In another education, sober movie, EndGame 2050 ends by explaining the specific actions we can take to make our lives better that also benefit the planet. Remember, not only do you get to feel good, you also get to feel good for doing good! This means we feel even better due to secondary beneficence.I encourage you to watch this movie. Remember the beginning is difficult to watch.
This means the movie promotes ways to Practice Paneugenesis because it will help us generate comprehensive improvements by helping us see how to generate pervasive, reciprocal, selfish, selfless, synergistic interactions so everyone and everything benefits. Please promote how you generate comprehensive improvements that make your life better! We all look forward to hearing from you. Please share…
If we look at most of our actions, doesn’t seem like we spend a lot of time fixing what we broke? Accidents happen, however we should learn from them and do better next time. Issues like the environment, however, is something we know about. Instead of finding ways to make it better, we stop at fixing what we broke in the hopes it get back to how it was. As noted in, “Best Practices are Contraindicated for Improvement”, Dr. W. Edwards Deming explains that fixing what we broke is like putting out fires.
This approach of fixing things to make it like it was is also unrealistic because it assumes things are static, they are not. Our world is dynamic and when anything changes, everything changes because as John Muir observed, everything is interconnected:
Understanding our interconnectedness means that when we throw a rock in a body of water and it creates waves and ripples that spread and impact all that surrounds it. COVID-19 has demonstrated, in stark terms, how we are all connected and interdependent. Our interdependence and the interconnectedness of everyone and everything provides a solution that can provide not just a powerful ripple, but a powerful tsunami of future pervasive, reciprocal, selfish, selfless, synergistic interactions from which everyone and everything can benefit in a way that would exceed expectations.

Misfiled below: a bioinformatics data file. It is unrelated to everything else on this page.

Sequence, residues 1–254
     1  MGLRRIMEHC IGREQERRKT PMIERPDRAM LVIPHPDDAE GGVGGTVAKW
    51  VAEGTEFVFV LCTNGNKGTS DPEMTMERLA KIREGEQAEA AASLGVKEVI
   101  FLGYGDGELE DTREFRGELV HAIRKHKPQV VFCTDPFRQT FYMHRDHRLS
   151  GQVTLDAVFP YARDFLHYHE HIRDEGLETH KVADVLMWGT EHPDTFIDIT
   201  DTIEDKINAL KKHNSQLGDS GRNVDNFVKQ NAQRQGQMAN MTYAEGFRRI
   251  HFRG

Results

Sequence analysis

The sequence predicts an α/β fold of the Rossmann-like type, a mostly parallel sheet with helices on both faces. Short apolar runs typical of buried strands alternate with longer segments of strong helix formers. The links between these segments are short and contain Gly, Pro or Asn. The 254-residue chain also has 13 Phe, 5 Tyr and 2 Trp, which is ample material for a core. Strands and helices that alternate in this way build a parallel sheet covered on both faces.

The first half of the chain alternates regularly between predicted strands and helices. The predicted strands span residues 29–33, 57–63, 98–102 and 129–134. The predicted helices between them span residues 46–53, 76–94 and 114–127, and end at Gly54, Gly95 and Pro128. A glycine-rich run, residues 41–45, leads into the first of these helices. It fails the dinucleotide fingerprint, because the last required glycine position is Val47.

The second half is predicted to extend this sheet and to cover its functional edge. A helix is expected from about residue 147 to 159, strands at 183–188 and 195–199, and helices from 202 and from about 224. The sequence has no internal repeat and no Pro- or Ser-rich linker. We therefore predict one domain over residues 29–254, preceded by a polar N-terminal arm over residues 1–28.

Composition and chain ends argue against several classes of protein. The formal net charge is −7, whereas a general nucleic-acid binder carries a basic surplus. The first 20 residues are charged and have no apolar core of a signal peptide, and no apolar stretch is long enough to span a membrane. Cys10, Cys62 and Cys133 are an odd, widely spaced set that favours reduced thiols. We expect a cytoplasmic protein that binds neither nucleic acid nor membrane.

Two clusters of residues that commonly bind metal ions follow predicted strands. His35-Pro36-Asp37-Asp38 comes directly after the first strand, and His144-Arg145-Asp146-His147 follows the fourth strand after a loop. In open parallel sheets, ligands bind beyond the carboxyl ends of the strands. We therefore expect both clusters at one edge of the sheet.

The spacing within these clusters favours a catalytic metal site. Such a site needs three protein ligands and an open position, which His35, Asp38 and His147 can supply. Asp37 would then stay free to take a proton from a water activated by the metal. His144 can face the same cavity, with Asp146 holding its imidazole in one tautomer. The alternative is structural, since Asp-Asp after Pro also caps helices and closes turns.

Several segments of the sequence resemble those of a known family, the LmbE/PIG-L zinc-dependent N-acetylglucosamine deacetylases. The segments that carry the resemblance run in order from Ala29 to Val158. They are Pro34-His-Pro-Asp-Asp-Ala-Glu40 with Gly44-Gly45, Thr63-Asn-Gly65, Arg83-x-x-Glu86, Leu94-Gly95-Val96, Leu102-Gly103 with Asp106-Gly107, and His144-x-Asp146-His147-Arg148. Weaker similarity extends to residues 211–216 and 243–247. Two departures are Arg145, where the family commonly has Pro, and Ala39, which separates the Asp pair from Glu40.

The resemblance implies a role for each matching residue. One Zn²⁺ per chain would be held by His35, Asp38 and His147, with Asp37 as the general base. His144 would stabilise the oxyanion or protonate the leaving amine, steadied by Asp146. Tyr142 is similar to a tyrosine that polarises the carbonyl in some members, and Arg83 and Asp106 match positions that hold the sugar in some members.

To exceed expectations, the solution to the COVID crisis should build a better future that as a by-product also treats COVID-19 and prevents future similar events. If the event is not prevented, actions taken should leave us more prepared for anything similar. The actions we take are more than just the interaction, it is all the related ripple effects.
Sometimes the power of the secondary benefit can change the world. – Colin Vaughan
Creating a Greener Future for a better tomorrow that also ends COVID means we are time multipliers. Taking this type of actions means we complete tasks in ways that gives us more time in the future because our time what be spent fixing things that we break.
Addressing climate change doesn’t have to slow down the economic recovery…it can push it forward. No one knows the depth of the recession, (and)….rebounding from an economic disruption this large requires an equally large spike in demand and production.
Understanding this, she sugggests…